If you’ve already got a stellar product page, you’re set to start thinking about Ads. You first need to establish your goals. Do you simply boost brand recognition or focus on sales? How long will your advertising campaign last? What’s your budget?
Lauren Gomez, Director of Marketing and Ecommerce at Positec Tool Group and author of Amazon Marketing Services Made Easy, says the most important thing to consider is your ad structure, especially if you have a lot of products. “Amazon ads can get complicated, quickly, especially if you want to test your creative. You should be very cognizant of your financial goals because you can easily overspend.”
You’ll also need to decide which products you want to advertise and what keywords best represent each product. You can also use negative keywords to sort out irrelevant searches. For example, if you are promoting an accessory item for the Nintendo Switch and only the Nintendo Switch, you can filter out Playstation searches.
Once you answer these key questions, it’s time to begin looking at what kind of ad you’ll be running. There are three types:
1) Sponsored Product (SP) Ads
These ads are the ones you’ll find in the search results and product listing pages. SP ads are excellent at achieving higher brand visibility and offer vast keyword targeting options. There are two subset targeting options: uto-campaigns and product attribute targeting. These allow you to fine-tune where your ad will appear.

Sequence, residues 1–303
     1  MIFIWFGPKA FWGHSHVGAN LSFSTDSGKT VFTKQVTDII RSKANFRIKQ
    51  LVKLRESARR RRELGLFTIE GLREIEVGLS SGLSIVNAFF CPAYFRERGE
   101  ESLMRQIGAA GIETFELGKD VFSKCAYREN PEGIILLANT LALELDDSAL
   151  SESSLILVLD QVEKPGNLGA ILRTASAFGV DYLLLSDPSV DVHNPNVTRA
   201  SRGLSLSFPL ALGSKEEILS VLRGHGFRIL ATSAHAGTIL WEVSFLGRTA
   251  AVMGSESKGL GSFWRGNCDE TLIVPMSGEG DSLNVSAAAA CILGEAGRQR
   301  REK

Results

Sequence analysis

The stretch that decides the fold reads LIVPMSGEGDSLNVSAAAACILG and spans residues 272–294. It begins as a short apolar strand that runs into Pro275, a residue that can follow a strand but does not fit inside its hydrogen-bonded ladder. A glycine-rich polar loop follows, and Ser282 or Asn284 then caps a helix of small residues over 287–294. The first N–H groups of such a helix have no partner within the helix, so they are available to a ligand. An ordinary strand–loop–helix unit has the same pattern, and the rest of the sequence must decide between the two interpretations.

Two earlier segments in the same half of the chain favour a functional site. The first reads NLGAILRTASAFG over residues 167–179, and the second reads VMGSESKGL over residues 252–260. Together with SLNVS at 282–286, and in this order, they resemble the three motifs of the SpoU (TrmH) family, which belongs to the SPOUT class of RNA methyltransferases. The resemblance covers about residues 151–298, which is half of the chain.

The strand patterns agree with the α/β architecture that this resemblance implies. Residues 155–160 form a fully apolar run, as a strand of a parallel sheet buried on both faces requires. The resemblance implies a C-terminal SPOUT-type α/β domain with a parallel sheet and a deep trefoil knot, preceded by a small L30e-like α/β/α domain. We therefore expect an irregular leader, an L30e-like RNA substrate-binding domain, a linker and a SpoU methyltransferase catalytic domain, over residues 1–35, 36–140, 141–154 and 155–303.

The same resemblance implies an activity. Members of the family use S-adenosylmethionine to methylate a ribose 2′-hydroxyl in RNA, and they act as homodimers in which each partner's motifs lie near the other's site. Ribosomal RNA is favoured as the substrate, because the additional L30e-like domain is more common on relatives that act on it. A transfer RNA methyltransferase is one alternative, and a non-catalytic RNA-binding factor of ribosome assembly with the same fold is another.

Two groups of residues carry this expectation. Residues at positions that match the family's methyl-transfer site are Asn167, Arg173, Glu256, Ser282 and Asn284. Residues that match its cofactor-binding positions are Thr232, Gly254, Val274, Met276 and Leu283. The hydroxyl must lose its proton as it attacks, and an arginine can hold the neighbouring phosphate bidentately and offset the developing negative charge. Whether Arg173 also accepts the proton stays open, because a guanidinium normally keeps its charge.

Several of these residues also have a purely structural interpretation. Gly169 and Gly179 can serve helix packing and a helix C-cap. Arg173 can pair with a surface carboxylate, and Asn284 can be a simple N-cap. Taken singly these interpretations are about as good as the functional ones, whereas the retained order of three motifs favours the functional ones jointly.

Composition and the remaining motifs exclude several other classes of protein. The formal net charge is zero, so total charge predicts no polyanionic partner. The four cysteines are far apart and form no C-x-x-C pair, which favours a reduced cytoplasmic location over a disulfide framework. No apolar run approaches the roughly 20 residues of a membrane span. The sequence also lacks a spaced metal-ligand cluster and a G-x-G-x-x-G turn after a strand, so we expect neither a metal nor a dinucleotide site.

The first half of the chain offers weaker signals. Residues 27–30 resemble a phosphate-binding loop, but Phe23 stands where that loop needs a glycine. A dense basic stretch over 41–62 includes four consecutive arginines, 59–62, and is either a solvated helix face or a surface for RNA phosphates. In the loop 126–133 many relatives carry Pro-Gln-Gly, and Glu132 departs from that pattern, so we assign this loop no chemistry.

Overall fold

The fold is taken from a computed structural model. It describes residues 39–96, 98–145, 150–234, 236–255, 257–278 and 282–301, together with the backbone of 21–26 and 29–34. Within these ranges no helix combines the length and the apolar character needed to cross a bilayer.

2) Product Display Ads
Want to pounce on your competitor’s customers? Product Display Ads show up just below the buy box and on your competitor’s product page. This option is fantastic if you want to cross-sell in the same industry or with related products.
3) Sponsored Brand Campaign
Formally called headline search ads, Sponsored Brand Campaign ads appear above, below, and besides regular search engine results. These ads are more prominent than regular SP ads, and can further boost your visibility.
It goes without saying that regardless of which campaign you choose, you’ll want to pay particular attention to your campaign copy, keywords, and campaign structure. When it comes to writing ad copy, it’s critical to be as accurate and specific as possible, while incorporating some elements that trigger shoppers to want to buy it now. This can include letting them know the offer is short-term or including a strong benefit in the copy.